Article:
If you don’t…or if the messages you see are of error and not success, fear not. See if the message makes sense (often it will be an issue with a hard-to-catch format error in the json file, like a missing semi-colon, or an extra ‘/’ (I speak from experience). These are not always easy to suss out at first, and trust me, I spent a lot of time with trial and error to figure out what I was doing wrong (I am not a programmer, and still very, very new at this).

Figuring out how to get our processing event data into ArchivesSpace after hitting a major roadblock with the csv importer still feels like a great accomplishment. We were initially worried that we were going to have to either a) go without the data, or b) enter it manually. So to find a solution that doesn’t require too much manual work was satisfying, professionally speaking (did I mention I’m not a programmer and had never really dealt with APIs before?).

So to all of you out there working in ArchivesSpace, or in anything else, and you feel like you keep hitting a wall that’s a bit higher than what you’ve climbed before, keep at it! You’ll be amazed at what you can do.

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A very brief guide to deleting records with the ArchivesSpace API, from a total tyro

If you’ve ever used cURL before, you don’t need this.

Also, the videos and documentation that Hudson Molonglo put together are really stellar and recommended to anyone starting with this.

This guide is a true project-pad of my notes of how I did this. It might also be useful for those of us who never had formal training with scripting, but are in charge of the archival data in our repositories and appreciate power tools. Obviously, the problem with power tools is that you can cut your arm off. Use this carefully. Use in test/dev. Ask someone to check your work if you’re doing something truly crazy.

Here’s what I did

This came up for me because I had done a failed test migration (we think there’s a weird timestamp problem in the accessions table) and I wanted to delete the repository and all records in the repository in ASpace before trying again. As far as I can tell, there isn’t a great way to delete thousands of records in the user interface. So, the API seemed the way to go.

I figured this out by watching the video and reading the documentation on GitHub, and then doing a little extra googling around to learn more about curl options.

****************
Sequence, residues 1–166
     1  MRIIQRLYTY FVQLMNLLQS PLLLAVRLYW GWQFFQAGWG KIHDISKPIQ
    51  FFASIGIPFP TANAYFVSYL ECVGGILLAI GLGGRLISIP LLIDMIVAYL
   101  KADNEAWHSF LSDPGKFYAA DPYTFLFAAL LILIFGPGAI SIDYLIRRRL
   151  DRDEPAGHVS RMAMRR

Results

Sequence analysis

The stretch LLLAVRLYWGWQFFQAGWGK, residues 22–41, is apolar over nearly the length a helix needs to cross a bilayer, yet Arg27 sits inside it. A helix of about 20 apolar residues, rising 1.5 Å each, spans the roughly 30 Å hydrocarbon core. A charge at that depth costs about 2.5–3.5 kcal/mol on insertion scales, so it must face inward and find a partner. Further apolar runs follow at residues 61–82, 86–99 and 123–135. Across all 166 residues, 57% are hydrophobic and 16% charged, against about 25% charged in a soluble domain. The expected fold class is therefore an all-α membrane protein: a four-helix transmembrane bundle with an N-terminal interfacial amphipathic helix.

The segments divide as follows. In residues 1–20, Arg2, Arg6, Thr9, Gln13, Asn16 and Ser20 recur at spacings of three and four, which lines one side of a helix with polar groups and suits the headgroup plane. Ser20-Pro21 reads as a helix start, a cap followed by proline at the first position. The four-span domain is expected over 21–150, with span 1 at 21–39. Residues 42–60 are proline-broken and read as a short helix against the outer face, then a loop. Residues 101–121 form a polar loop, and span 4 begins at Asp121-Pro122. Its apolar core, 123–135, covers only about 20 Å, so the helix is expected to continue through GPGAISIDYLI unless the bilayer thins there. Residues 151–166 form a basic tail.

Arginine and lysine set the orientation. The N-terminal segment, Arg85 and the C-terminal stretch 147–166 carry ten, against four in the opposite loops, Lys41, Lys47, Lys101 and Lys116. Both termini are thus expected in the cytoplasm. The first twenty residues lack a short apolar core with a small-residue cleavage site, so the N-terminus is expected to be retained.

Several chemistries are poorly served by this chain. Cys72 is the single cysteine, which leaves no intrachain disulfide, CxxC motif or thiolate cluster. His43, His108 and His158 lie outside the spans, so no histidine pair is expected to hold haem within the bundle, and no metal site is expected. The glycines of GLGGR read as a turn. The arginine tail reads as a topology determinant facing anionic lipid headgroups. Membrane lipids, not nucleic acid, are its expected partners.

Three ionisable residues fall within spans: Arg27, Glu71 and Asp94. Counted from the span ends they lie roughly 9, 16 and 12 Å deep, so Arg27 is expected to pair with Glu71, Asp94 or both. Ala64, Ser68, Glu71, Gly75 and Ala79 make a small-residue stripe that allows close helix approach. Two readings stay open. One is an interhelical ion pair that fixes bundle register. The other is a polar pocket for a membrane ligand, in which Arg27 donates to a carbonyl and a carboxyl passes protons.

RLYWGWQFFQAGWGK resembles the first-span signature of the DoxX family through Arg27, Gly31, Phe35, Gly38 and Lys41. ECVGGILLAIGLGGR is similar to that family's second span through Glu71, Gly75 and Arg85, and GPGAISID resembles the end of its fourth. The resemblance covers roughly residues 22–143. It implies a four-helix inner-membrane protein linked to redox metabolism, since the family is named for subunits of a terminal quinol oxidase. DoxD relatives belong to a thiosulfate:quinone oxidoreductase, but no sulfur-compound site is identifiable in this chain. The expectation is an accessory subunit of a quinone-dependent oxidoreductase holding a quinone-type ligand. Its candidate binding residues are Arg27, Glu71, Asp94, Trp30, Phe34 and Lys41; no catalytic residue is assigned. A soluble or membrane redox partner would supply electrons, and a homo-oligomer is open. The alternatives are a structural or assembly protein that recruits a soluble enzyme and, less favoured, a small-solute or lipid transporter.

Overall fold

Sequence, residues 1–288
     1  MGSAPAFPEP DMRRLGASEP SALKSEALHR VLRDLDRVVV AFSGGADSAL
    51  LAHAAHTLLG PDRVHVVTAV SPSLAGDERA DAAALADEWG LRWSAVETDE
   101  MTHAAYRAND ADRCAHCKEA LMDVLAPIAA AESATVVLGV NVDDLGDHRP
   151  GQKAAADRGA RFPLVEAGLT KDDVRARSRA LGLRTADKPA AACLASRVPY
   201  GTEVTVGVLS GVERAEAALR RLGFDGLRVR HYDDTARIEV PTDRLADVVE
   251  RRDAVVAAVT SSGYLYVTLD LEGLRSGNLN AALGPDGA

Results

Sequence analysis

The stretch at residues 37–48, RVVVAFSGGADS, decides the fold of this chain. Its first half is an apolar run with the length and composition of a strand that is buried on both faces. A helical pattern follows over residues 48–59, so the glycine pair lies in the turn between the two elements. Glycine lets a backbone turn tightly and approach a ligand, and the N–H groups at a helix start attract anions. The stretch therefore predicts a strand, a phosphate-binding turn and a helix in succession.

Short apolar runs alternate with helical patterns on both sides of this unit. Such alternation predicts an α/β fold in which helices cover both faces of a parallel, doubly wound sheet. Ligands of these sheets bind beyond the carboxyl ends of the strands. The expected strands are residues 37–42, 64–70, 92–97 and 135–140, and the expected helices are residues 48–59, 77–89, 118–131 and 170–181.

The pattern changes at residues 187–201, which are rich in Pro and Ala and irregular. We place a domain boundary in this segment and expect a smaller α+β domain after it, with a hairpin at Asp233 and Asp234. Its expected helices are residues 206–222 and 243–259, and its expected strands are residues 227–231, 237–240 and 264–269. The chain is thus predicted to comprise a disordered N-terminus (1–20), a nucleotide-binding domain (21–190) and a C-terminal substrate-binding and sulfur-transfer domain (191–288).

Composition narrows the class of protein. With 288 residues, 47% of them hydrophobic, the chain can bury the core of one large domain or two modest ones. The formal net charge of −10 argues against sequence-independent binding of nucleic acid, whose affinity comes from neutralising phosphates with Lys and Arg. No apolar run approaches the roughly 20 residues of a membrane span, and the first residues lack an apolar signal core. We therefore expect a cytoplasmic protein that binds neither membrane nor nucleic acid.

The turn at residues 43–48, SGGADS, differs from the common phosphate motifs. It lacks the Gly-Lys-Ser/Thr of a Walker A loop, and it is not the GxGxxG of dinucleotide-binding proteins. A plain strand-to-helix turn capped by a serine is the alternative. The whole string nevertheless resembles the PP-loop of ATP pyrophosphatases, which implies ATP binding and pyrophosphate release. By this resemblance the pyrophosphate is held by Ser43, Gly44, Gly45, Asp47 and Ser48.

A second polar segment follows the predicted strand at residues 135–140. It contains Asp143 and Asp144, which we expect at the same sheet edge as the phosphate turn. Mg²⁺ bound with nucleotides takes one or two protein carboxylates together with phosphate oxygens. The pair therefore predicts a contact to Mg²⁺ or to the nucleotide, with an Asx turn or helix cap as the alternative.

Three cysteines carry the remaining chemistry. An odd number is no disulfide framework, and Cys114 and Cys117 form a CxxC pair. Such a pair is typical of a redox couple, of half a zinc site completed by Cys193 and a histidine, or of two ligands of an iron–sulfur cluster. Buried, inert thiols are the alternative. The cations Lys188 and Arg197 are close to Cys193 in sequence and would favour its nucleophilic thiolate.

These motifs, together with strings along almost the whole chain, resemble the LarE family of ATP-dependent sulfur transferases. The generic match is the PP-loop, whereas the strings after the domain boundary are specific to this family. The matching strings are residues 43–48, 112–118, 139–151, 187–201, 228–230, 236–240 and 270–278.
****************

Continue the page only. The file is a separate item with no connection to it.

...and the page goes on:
If you’re using a Mac, just fire up the terminal and get on with your life. I use a Windows PC at work, so I use Cygwn as a Unix emulator. The internet gave me good advice about how to add curl.exe.

Note: you won’t be able to do any of this unless you have admin access.

Let’s start with “Hello, World!”

$ curl 'http://test-aspace.yourenvironment.org:port/'

In this example, the url before the colon should be your ASpace instance (use test/dev!) and “port” should be your port. The response you get should basically just tell you that yes, you have communicated with this server.

Connect to the server

$ curl -F password='your password' 'http://test-aspace.yourenvironment.org:port/users/admin/login'

Here, you’re logging on as admin. The server will respond with a session token — go ahead and copy the token response and make it a variable, so you don’t have to keep track of it.

export TOKEN=cc0984b7bfa0718bd5c831b419cb8353c7545edb63b62319a69cdd29ea5775fa

Delete the records

Here, you definitely want to check the API documentation on GitHub. Basically, this tells you how to format the URI and the command to use. For instance, below, I wanted to delete an entire repository. I found out, though, that I couldn’t delete the repository if it had records that belonged to it. Since agents and subjects exist in ASpace without belonging to a repository, and since accessions and digital records hadn’t successfully migrated, I only needed to delete resource records.

$ curl -H "X-ArchivesSpace-Session: $TOKEN" -X "DELETE" 'http://test-aspace.yourenvironment.org:port/repositories/3/resources/[278-1693]'

So, I passed something to the header that gave my token ID, then I sent a command to delete some records. But which ones?

Let’s parse this URI. The first part is my ASpace test server, the port is my port.

The next thing to understand is that each repository, resource, accession, agent, whatever, has a numeric ID. URIs are formatted according to the record type and the ID. So, I go to repositories/3, because the resources I want to delete are in a particular repository, and that repository has the numeric ID of “3”. In order to find this out, you can look in the ASpace interface, or you can send a call to yoururl/repositories, which will give you a json response with id (and other) information about all of the repositories on your server.

After that, I tell curl which resource records I want to delete. There’s probably a better way, but I figured this out by sorting resources by date created, both ascending and descending, to find out what the first and last IDs are. I’d imagine, though, that if I didn’t want to look that up and I just asked for

'http://test-aspace.yourenvironment.org:port/repositories/3/resources/[1-2000]'

I would probably be okay, because it’s only deleting resource records in repository 3 and I want to get rid of all of those anyway. I’d get an error for resources that don’t exist in that repository, but it wouldn’t break anything. I had wondered if there are wildcards for curl, so that I could get ANY number after resources, but (according to some brief googling) it doesn’t look like there are.

What does this all mean?

Uh, I don’t know? I mean, the API is obviously very powerful and amazing, and I’m glad I didn’t have to figure out a way to delete those records in the interface. But I’m really just starting to dip my toe into the potential of this. I’m sure you can look forward to more updates.